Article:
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Author Topic: Cannot stand cutesipoo terms like "vanilla" and &q  (Read 14302 times)
MK Snyder
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Posts: 116


« Reply #15 on: November 29, 2002, 08:23:00 PM »

OK, in computerland, those are steps in a procedure. How is this:

"Some games use complicated procedures involving more steps than others; the different steps themselves can reflect differing degrees of detailing of the events being resolved.

For example, some games focus on move by move martial arts combat, resolving each blow and block individually. Others may focus in a similar fashion on scoring the witticisms employed in a verbal debate (Dying Earth)."
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MK Snyder
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Posts: 116


« Reply #16 on: November 29, 2002, 08:59:46 PM »

I think we're talking about different levels of focus in Exploration.

When the action being resolved (and Explored) is in narrow/fine/close/detailed focus, that involves procedures of more steps than when the action being resolved is in wide/coarse/far/gross focus.

Game systems vary in the number and complexity of their resolution procedures. They may be combat detailed, but light on character emotionality. There may be detailed or coarse procedures for magic.

(Note:magic in "real life" also varies in terms of detail or coarseness of procedures between cultures, religions, and social strata.)

Level of focus tends to reflect level of attention; that is to say, procedures should be more  complex concerning those activities that serve the Premise.

Complex resolution procedures that do not address Premise diffuse Exploration; games with this problem are considered incoherent.

(Or Why Vampire Should Not Have Detailed Combat.)
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Ron Edwards
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« Reply #17 on: November 30, 2002, 10:09:33 AM »

Hi MK,

Beauty. I agree. A lot of this harks back to some early reactions to Sorcerer, let's see ... not too too long ago, Benjamin (bailywolf, yeah, same guy I mentioned earlier) was initially aghast at the concept of "one score" to describe physical effort and capability. I believe Ralph (Valamir) and he kicked it about for a while to arrive at a conclusion very much like your above post.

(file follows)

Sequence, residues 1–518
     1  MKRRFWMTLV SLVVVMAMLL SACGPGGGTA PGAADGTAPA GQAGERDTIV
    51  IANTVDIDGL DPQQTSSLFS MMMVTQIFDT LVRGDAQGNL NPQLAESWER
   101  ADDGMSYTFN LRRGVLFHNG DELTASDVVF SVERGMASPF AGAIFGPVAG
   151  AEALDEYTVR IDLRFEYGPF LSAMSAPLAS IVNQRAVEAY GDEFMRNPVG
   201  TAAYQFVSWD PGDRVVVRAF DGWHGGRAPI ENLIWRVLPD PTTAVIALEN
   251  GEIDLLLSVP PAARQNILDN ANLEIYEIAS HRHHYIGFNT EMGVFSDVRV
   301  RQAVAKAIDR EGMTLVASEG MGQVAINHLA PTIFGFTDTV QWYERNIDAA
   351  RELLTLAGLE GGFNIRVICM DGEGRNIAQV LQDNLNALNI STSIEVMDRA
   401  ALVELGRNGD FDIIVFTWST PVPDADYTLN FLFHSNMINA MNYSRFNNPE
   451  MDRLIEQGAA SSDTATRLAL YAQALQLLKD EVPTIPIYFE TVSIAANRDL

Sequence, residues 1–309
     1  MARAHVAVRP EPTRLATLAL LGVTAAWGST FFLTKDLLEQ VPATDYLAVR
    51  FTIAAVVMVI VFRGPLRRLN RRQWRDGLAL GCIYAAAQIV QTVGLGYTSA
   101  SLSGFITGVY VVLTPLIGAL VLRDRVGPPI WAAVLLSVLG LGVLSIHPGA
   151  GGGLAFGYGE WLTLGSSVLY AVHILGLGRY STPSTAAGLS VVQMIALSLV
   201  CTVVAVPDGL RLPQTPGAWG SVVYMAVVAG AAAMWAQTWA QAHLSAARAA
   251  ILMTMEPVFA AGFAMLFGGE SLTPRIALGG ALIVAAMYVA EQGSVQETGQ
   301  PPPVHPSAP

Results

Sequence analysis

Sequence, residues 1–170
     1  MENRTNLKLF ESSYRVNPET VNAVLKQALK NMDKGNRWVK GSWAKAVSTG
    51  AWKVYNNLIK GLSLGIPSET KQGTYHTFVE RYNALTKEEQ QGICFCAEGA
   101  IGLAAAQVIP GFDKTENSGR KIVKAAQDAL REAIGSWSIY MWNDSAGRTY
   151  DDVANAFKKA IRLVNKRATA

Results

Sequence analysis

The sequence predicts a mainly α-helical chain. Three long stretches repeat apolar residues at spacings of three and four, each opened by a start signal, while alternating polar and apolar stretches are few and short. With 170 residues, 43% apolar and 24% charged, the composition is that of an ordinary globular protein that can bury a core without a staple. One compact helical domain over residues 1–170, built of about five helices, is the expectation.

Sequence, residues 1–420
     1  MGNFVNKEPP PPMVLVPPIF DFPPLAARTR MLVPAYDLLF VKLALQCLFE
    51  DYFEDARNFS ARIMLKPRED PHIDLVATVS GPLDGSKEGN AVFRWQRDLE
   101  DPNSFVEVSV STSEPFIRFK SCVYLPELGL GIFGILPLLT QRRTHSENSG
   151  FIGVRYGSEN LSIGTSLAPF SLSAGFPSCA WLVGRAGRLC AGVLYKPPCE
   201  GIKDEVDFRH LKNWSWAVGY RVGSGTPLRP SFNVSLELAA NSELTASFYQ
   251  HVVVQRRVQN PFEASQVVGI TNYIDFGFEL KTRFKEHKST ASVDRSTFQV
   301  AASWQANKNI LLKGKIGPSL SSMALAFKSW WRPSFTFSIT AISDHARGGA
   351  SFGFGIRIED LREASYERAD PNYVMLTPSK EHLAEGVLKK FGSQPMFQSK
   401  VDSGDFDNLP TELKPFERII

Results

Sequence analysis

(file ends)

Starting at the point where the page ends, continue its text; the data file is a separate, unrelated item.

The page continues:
Guys, any thread linkage to help me out on that?

Stepping back a bit further, I can't over-emphasize how shocking this was back in 1994, when I first put Sorcerer together and starting playing it at local cons and stores. Games like Over the Edge were rare enough that most people could not conceive of playing without a full quantitative profile of a character at various layers. But I digress ... back to the regularly scheduled discussion.

Best,
Ron
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Ian Charvill
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Posts: 377


« Reply #18 on: December 17, 2002, 11:07:28 AM »

I realise I'm coming into this rather late, and this may have already been discussed somewhere I missed, but isn't the whole 'points of contact'/pervy-vanilla issue about handling time.  That more vanilla systems with fewer points of contact have a lower handling time (also a lower handling complexity, to extend the concept) and more pervy systems with more points of contact have greater handling times (and/or complexities).
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Ian Charvill
Ron Edwards
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« Reply #19 on: December 17, 2002, 11:15:05 AM »

Hi Ian,

Yes, those are related concepts, but they're not synonyms. Points of Contact can be about any aspect of System, and Search & Handling Times are found among those aspects.

So we can look at Search and Handling Times for a given game, and identify how many Points of Contact each one contains. Clearly, the number and nature of those Points is going to affect the extent of the Times themselves directly.

Best,
Ron
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xiombarg
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« Reply #20 on: December 17, 2002, 11:15:10 AM »

Quote from: Ian Charvill
I realise I'm coming into this rather late, and this may have already been discussed somewhere I missed, but isn't the whole 'points of contact'/pervy-vanilla issue about handling time.  That more vanilla systems with fewer points of contact have a lower handling time (also a lower handling complexity, to extend the concept) and more pervy systems with more points of contact have greater handling times (and/or complexities).
Ian, you might want to spin this off into another thread rather than ressurrecting this one... (Forge SOP)
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Ron Edwards
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« Reply #21 on: December 17, 2002, 11:16:13 AM »

Hello,

I'm OK with letting Ian's followup stick to this thread for now. Just within the window of opportunity, I'd say.

Best,
Ron
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